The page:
In addition, CUPE 4600 stands in solidarity with both the Carleton Undergraduate Student Association and the Graduate Student Association, who are still fighting to have the Carleton Administration release their fees.

University of Ottawa teaching assistants vote for strike mandate

On November 15, members of the CUPE 2626 voted to give their bargaining committee the tool to negotiate a fair agreement. This Local represents 3,800 teaching assistants, research assistants, correctors, lab monitors, and has been without a contract since August 31. Members voted by more than 81 per cent for a strike mandate. The bargaining committee explained, during the assembly, its three main goals revolving around the themes of equity, security and efficiency.

On November 18, the union and employer’s representatives were scheduled to meet with the help of a conciliator in the hope that an objective third party might assist with achieving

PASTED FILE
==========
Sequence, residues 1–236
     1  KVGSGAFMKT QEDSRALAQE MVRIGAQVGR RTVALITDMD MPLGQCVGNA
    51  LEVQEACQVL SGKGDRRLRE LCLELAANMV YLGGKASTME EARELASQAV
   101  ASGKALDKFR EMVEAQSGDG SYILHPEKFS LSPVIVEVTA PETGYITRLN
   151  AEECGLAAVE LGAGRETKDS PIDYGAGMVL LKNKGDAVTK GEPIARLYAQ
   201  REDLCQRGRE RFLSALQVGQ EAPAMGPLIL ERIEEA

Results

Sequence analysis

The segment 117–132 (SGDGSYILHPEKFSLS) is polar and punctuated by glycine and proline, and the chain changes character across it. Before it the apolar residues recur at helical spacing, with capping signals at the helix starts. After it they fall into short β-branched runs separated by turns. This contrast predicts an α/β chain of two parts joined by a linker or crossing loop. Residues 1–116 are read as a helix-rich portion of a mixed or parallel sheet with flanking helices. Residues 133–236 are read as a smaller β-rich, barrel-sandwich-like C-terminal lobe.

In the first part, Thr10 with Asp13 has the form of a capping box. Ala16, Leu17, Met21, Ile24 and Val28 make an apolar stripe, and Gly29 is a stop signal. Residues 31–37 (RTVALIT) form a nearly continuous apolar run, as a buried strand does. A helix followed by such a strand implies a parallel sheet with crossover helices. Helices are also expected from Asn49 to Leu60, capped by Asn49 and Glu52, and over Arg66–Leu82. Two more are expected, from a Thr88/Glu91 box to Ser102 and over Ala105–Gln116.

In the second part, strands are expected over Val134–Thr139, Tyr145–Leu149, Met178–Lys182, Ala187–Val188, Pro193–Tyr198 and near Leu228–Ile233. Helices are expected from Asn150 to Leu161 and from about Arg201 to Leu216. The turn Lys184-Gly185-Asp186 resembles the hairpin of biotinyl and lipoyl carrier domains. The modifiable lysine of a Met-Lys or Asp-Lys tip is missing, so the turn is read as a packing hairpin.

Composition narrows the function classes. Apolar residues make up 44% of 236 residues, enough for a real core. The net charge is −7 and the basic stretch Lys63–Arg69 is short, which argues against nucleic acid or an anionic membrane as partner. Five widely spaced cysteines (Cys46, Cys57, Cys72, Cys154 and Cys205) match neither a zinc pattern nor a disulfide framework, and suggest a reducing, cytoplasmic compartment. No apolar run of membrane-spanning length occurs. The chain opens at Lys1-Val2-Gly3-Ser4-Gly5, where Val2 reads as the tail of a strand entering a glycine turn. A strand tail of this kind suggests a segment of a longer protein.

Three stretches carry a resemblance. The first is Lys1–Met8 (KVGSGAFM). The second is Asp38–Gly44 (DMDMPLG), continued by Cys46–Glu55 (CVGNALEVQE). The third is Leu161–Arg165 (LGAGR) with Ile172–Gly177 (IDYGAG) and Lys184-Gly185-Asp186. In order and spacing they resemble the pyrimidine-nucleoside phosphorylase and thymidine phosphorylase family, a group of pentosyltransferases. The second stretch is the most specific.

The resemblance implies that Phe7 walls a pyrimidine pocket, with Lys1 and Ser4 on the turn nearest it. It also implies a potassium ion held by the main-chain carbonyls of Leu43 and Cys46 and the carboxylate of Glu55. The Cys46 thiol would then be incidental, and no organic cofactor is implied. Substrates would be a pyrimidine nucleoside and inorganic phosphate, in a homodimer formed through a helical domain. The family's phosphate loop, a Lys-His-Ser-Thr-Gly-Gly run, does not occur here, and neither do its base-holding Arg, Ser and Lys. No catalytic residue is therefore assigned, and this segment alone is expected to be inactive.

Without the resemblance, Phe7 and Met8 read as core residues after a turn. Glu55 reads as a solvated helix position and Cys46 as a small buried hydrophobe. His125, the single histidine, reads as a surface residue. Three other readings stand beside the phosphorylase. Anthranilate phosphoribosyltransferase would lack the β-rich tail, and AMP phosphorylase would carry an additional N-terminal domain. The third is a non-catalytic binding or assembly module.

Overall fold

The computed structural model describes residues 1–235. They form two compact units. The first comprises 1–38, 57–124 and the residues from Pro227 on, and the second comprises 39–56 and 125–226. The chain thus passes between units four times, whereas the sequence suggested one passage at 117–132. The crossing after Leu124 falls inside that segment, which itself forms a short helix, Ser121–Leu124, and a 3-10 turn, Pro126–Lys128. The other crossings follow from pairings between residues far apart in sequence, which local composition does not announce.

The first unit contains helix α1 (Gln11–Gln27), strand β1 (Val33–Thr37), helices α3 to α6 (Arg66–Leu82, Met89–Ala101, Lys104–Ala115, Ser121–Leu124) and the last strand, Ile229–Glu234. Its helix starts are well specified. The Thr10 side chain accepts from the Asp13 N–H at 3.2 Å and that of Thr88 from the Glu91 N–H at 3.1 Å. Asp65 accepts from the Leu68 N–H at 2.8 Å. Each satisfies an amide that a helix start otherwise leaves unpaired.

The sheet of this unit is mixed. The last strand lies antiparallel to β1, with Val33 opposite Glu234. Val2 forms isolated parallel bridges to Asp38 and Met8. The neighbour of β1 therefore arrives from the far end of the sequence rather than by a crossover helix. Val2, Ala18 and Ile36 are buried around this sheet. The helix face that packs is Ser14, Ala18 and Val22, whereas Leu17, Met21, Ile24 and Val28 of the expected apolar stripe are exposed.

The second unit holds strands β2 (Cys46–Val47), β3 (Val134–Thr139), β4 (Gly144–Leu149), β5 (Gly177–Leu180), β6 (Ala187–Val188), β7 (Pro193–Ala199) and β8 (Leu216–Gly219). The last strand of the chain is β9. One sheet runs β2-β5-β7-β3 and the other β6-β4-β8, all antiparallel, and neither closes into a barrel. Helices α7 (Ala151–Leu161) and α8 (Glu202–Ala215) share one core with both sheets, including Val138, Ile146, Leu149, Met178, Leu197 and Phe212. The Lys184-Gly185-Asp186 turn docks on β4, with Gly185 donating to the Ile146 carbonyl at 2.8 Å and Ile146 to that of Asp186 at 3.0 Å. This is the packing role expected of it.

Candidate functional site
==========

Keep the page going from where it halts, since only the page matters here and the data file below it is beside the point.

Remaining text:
a fair contract.

CUPE urges commons committee to support Bill C-469

CUPE has pledged its support to a federal bill that would enshrine in law the right of all Canadians to a healthy environment.  Key components of the private members bill sponsored by NDP MP Linda Duncan (Edmonton-Strathcona) include: ensuring access to environmental information and the right to participate in decisions related to the environment, expanding the right to request investigations of environmental offences and bring environmental issues to the courts, providing whistleblower protection for employees, and ensuring accountability by giving Canadians the right to bring the federal government to court when it fails to enforce environmental laws.

Matthew Firth, Senior Officer for CUPE’s Health, Safety and Environment Branch, presented CUPE’s submission to the House of Commons Standing Committee on Environment and Sustainable Development on November 17.